Revised and Updated:
By Alan P. Garfinkel, Ph.D.
Originally published in: North American Archaeologist, Spring 2007 Edition
Alan P. Garfinkel, Ph.D.
Founder and Director
California Rock Art Foundation
One of the more spectacular expressions of prehistoric rock art in all of the Western Hemisphere is the petroglyph concentration in the Coso Range of eastern California. These glyphs have played a prominent role in attempts to understand forager religious iconography. Four decades ago, Heizer and Baumhoff (1962) concluded that Great Basin petroglyphs were associated with hunting large game and were intended to supernaturally increase success in the hunt. Similarly, in their seminal work Grant et al. (1968) concluded that the desert bighorn sheep drawings of the Coso Region bolstered the “hunting magic” hypothesis.
However, this hunting magic hypothesis has become increasingly marginalized by a prevailing view that considers most rock art as a nearly exclusive, expression of individualistic shamanistic endeavor.1 This paper explores comparative ethnologic and archaeological evidence supporting the hunting magic hypothesis.
I place this explanatory framework in a fuller context based on a contemporary understanding of comparative hunter-gather religion and the complexity of forager symbolism. The paper argues that the preponderance of Coso images are conventionalized iconography associated with a sheep cult ceremonial complex. This model is not entirely inconsistent with models interpreting the Coso drawings as metaphoric images correlated with individual shamanic vision quests. A synthetic framework applying both models is suggested.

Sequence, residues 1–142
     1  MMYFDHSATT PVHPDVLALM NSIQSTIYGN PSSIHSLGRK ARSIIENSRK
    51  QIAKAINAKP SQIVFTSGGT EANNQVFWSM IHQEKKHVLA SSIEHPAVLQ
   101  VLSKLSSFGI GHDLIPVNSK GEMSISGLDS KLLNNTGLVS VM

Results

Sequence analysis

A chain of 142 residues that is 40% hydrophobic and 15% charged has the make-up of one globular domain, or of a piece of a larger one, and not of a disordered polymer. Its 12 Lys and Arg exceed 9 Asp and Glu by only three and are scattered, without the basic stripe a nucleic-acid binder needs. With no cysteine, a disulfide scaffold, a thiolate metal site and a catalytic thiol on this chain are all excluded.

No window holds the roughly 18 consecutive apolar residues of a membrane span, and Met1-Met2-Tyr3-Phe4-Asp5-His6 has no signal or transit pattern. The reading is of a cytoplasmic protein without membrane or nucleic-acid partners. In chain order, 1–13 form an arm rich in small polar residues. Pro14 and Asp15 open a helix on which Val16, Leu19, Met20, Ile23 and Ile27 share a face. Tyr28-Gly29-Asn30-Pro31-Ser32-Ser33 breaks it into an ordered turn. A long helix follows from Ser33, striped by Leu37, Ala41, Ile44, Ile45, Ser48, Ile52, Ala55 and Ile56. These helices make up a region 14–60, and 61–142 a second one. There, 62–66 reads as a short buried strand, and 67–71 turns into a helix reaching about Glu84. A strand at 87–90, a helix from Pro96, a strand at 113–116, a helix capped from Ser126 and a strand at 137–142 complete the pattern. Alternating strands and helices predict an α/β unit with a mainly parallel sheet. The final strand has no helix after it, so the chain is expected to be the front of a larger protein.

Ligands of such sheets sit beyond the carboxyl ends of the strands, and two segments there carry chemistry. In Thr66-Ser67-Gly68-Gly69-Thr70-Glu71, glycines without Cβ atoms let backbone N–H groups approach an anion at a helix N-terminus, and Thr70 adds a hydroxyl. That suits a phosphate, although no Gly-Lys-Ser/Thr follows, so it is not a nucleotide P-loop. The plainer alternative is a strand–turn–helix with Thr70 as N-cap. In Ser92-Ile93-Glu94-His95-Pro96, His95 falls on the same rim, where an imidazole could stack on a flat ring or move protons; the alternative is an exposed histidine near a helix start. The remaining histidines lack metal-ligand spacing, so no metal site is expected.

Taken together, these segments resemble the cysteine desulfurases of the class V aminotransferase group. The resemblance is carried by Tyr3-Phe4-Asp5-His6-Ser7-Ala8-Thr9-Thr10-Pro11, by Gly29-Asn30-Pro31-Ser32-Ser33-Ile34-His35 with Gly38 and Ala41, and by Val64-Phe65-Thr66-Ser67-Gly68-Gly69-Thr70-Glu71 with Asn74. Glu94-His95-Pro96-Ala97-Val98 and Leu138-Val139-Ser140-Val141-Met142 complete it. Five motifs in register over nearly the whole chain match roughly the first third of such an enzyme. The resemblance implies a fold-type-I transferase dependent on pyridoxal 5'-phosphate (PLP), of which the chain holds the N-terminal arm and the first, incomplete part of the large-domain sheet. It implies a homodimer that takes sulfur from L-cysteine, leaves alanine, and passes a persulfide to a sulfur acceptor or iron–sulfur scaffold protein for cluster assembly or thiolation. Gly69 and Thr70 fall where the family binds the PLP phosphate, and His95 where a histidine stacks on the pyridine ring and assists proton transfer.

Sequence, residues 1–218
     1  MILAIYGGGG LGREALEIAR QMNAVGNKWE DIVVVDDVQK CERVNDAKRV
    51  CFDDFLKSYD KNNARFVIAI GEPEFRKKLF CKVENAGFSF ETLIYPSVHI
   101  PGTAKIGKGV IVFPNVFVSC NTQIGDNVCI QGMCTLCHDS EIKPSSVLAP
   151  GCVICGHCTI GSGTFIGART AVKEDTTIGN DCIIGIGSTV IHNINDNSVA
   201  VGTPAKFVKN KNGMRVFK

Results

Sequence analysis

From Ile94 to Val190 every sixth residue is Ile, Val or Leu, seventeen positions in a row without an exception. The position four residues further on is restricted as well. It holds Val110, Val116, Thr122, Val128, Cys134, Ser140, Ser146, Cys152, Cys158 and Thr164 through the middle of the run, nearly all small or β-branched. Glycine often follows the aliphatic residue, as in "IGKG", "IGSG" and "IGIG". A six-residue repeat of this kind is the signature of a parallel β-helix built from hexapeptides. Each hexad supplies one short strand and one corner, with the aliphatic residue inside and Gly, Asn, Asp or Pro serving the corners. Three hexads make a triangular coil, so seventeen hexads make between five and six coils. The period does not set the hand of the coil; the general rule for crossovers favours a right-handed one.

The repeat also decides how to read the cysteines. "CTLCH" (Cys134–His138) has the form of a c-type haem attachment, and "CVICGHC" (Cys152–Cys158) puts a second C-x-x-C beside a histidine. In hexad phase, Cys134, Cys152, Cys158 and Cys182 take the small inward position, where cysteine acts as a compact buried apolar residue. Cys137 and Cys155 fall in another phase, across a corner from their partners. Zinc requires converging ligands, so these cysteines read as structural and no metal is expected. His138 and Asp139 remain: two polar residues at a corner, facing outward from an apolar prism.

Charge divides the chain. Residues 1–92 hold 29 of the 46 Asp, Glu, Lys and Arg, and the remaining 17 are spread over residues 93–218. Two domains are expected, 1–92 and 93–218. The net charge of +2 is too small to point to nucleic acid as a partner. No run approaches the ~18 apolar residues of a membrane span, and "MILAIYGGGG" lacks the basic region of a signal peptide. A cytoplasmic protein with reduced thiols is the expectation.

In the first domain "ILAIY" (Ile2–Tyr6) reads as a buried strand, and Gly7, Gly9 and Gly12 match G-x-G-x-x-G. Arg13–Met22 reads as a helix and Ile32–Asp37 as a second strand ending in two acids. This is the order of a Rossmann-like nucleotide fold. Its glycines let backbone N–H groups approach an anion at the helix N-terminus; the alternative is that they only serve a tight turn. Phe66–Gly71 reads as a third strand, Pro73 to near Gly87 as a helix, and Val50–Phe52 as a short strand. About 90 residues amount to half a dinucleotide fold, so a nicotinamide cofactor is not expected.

Four decades ago, Heizer and Baumhoff 2 concluded that Great Basin petroglyphs were associated with the hunting of large game. This “hunting magic” hypothesis was based on the distribution of rock art sites found along game migration trails. The researchers posited that the primary animal being hunted was the bighorn sheep. In their work on the Coso Range drawings, Grant et al.3 concluded that the realistic sheep drawings bolstered that hypothesis (Figure 1).
Yet over the years the hunting magic model has not fared well. At best, this interpretation has lost “traction” and is currently classified as an “out-of-favor” theory4. The hypothesis has become increasingly marginalized by researchers worldwide5 and has been replaced by a prevailing view that most rock art is a nearly exclusive expression of shamanism6.
Any concept that purports to account for all, or even most rock art of a given style or motif, I would argue, is inherently suspect. One would expect to find that different sets of environmental, cosmological, religious, artistic, and social factors influenced the creation of rock art at various times and places. Nevertheless, the manner in which hunting magic has been specifically framed does not provide a clear and full picture of the context and implications of that particularly important model. Such treatment minimizes the role that ritual and symbolism plays in animistic hunter-gatherer societies7. It also implies a rather monolithic notion of the eclectic manifestations of ritual behavior identifying them under a singular and somewhat ambiguous term of “shamanism” 8.
Figure 1. Location of Coso Range rock drawings. The largest petroglyph concentrations are located within the named canyons identified on the map. Boundary of the China Lake Naval Air Weapons Station and location of the station within the state of California is depicted on the inset map. The concentrations of Coso rock art are found excusively on the North Rase. The North and South Range of the China Lake Installation makes up an area containing over 1 million acres.